Karl Marx somewhere says that mankind never poses itself a problem unless it has the means to solve it. The Indian youth are following this maxim in their collective mind. In most developing countries the lingering hangover of imperialistic rule is not yet exhausted and the people generally suffer from a lack of basic amenities of life objectively and a sense of inferiority and frustration subjectively. Apart from individuals who belong to the affluent sections of society or possess extra-ordinary self-confidence born of their being talented, the general run of youth have 'resigned themselves to what, they think, is their fate which puts an insurmountable obstacle to the realisation of their full potential. Until, therefore, the infra-structure of idealistic aspirations is laid in our society, the aspirations of the youth will have to be restricted to the instrumental values of education, occupation and social status which are within the range of possibility at the moment, although these, too, are not so easy to attain for all youth and are therefore, fit objectives of their aspirations because they cannot be taken for granted. Our youth, thus, are showing collective wisdom and admirable restraint in their realistic aspirations. If our society is sympathetic to the idealistic aspirations of youth and considers it necessary for national resurgence it will first have to provide the means for the fulfilment of the basic needs of the people i.e. food, shelter, health, work and education. The infra-structure having thus being laid, the super-structure of culture and moral heights can be confidently looked forward to; and this side of the aspirations of youth will then be released from the shackles which keep them down in their unconscious though ever-ready to come up to the conscious level. The idealistic nature of youth is there, all the time, only hidden in the depths of their mind, till they have a chance to come out in the open.
Another interesting point that is presented by the thesis lies in the field of marriage and the selection of the spouse. "The youth in general opined that the selection should he made by the parents, although the urban youth stressed that they should also be consulted in the matter. Love marriages and self-arranged marriages were favoured by a microscopic minority only." Again, "a large majority decried the practice of filak and dowry which, in their view, was a great hurdle in finding a suitable match." Parental authority seems quite pervasive and youth were ready to submit to their parents' wishes not only in regard to marriage but in all other fields of choice like education, occupation and social and political life. Marriage is a difficult field of choice and both the western model intimately related to the single family and the eastern model related to the joint family have their critics among great thinkers of the world. Love marriage is not reconcilable with joint family because when the partners have to live within the joint family without the good will or against the wishes of the larger family, particularly the parents, their life presents so many hardships and difficulties of adjustment that marriage itself becomes a frustration rather than a fulfilment. About the future of the joint family in India, there are divergent views. According to some thinkers, the joint family although put to much strain under the present economic realities, is not going to suffer a complete breakdown, but is finding new ways of adapting itself to the new circumstances and retaining its fundamental integrity. According to others, it is breaking, though very slowly. In any case its breakdown presupposes a number of services and securities, which it offered, being replaced by social services and securities which in India are not coming very fast. Under the circumstances, it is neither desirable nor possible to do away with the joint family in a sweep; and until these services are developed, love marriage dictated purely by individual choice is hardly a practical proposition. The youth in India are, therefore, exercising intelligence when they opt for parents' guidance and demand only consultation of their own wishes in the choice of their spouses. This seems to be a good reconciliation of their basic culture with modern aspirations. This synthesis is equally visible in their acceptance of the overall authority of the parents in all other fields of choice. Our culture is ancient and has proved itself capable of absorbing useful traits of other cultures, which have come in contact with it in different periods of its history, without damaging the basic framework which has not only survived but has been enriched by external contributions. In this framework of our culture, respect of the old and the parents is a basic attribute which ensures preservation and continuance of our cultural heritage. Therefore, when the youth in India are intuitively taking this line of adaptation and adjustment, they seem to be on the right path.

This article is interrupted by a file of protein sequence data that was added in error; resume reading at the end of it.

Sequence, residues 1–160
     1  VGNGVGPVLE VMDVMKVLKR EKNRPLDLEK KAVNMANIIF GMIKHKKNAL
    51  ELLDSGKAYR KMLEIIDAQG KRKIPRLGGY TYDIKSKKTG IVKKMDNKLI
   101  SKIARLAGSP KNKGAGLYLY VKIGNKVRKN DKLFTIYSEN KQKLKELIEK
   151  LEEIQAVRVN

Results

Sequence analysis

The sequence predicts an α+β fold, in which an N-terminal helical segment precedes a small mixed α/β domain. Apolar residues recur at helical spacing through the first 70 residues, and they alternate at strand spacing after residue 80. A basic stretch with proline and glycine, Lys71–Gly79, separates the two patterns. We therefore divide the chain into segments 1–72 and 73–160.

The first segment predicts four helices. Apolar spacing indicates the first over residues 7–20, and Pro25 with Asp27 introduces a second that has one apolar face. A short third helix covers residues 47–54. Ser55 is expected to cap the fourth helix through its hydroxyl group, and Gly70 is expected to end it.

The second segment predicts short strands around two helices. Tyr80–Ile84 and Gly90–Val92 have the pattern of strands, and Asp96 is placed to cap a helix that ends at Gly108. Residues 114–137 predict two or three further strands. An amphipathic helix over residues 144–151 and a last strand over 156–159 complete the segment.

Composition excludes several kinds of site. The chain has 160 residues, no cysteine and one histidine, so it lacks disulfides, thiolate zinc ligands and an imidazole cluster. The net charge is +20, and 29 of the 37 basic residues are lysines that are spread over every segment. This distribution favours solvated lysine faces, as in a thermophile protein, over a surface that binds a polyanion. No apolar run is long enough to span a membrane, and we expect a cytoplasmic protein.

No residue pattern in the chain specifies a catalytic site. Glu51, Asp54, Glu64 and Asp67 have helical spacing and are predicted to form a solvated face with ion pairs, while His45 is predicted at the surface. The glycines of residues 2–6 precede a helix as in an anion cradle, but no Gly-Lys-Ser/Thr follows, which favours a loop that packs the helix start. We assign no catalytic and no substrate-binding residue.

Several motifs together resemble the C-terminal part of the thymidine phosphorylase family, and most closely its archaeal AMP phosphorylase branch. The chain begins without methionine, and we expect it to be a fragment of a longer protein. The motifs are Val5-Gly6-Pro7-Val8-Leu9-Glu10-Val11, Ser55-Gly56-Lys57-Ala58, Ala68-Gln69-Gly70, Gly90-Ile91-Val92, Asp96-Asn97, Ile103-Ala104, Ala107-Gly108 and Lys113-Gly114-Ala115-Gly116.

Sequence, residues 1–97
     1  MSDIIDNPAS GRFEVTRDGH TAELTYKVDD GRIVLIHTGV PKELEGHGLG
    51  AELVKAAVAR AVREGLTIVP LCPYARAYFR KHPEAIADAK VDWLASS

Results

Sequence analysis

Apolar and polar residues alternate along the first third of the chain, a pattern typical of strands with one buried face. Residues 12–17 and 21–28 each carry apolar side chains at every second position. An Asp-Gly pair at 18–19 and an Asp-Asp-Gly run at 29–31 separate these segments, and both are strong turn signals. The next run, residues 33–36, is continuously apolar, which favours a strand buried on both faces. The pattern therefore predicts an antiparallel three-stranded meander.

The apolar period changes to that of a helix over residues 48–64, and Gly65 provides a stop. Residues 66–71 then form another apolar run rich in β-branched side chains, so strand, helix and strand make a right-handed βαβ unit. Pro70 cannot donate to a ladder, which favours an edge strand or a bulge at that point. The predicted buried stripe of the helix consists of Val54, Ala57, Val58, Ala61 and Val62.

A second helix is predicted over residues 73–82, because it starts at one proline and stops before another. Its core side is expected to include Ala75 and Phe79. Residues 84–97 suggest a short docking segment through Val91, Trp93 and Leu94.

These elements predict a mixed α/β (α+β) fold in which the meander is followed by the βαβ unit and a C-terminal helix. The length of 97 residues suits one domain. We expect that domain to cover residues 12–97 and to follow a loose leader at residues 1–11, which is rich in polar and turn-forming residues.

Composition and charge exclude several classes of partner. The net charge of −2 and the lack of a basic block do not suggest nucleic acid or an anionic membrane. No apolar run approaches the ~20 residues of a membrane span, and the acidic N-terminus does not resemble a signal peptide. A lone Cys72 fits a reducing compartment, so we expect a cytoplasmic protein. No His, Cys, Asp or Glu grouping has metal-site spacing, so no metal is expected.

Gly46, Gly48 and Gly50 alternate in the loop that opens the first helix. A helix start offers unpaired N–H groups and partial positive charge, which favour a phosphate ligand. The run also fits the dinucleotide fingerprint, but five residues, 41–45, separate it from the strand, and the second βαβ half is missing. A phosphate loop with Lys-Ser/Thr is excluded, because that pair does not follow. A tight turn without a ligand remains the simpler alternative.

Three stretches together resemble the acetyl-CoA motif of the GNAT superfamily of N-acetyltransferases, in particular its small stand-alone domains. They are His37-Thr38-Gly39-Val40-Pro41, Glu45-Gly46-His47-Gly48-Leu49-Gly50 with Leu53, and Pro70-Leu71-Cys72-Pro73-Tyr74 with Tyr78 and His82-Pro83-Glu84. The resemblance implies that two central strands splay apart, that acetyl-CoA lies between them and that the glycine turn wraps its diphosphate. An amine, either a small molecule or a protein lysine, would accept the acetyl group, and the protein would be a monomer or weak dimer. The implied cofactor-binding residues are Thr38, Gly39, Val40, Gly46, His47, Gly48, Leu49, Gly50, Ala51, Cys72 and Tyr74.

I hope Sudarshan Kumari's tribute to the wisdom of our youth and her sympathetic understanding of their problems and difficulties will be appreciated by the youth themselves and by all others concerned in the process of their emancipation.
**Contents and Sample Pages**